Baritones: Up to at least Eb4 up to F4

HB Vocalists: High Range Belters

Vocalists in this category perform best and have the most ease within their upper mixed voice ranges. They are able to keep an opened sound without losing tone quality, without losing support and without losing volume while still being relaxed. They must be able to produce resonance in their mixed voices to be classified in this category.

Sopranos: Starting around E5
Mezzo-Sopranos: Starting around D5
Tenors: Starting around Bb4
Baritones: Starting around F#4

M Vocalists: Mid-Range Vocalists

Vocalists in this category are those with relatively narrow supported ranges, whose strengths lie in singing within an octave of their range without going too high or too low too often. They generally keep support within a mid one octave range, but outside of that strain can become more apparent and intense.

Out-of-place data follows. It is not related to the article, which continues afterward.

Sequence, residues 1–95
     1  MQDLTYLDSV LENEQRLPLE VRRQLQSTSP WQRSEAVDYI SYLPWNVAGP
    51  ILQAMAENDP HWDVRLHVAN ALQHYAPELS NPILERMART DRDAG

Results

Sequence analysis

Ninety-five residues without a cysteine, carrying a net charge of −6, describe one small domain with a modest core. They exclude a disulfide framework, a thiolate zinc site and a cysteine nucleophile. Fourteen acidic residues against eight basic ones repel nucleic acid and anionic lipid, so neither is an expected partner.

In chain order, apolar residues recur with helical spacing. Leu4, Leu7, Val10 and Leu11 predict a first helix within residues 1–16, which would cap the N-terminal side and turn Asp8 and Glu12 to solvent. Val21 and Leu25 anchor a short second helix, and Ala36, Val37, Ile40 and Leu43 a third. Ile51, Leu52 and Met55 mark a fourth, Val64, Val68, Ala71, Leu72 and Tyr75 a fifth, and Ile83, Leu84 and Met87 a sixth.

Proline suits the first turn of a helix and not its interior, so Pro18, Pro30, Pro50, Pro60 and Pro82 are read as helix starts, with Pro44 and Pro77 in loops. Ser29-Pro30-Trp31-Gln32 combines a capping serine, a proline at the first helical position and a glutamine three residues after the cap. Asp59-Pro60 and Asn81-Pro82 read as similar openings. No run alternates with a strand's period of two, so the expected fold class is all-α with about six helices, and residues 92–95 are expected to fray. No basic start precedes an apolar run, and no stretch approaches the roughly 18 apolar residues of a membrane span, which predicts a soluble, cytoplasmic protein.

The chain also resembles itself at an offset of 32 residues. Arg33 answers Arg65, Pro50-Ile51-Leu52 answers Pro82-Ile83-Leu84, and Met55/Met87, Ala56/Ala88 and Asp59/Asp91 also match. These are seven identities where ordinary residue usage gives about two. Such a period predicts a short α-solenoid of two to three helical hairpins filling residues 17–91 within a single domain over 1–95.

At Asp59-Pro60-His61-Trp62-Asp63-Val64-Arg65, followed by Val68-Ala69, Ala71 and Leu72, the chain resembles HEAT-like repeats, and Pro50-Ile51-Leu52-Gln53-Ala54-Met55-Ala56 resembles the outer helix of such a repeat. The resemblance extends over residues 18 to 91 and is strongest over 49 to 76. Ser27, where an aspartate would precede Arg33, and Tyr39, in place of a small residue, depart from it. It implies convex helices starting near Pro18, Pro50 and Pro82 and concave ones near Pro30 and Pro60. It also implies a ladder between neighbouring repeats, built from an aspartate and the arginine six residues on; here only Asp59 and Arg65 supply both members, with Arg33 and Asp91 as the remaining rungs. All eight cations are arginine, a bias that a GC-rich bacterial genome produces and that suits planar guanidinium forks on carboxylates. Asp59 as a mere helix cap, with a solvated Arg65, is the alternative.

Sopranos: Falling somewhere within A3/Bb3 ~ Bb4/B4
Mezzo-Sopranos: Falling somewhere within G3/G#3 ~ G#4/A4
Tenors: Falling somewhere within E3 ~ F4/F#4
Baritones: Falling somewhere within C3 ~ C#4/D4

ML Vocalists: Mid-Low Range Vocalists

Vocalists in this category have somewhat developed their lower ranges, but could still further develop the strength in the vocal cord development, projection, support and connection as they descend lower in range.

Sopranos: Going down to about G#3/G3
Mezzo-Sopranos: Going down to about F#3/F3
Tenors: Going down to about C#3/C3
Baritones: Going down to about A2/G#2

LR Vocalists: Low Range Vocalists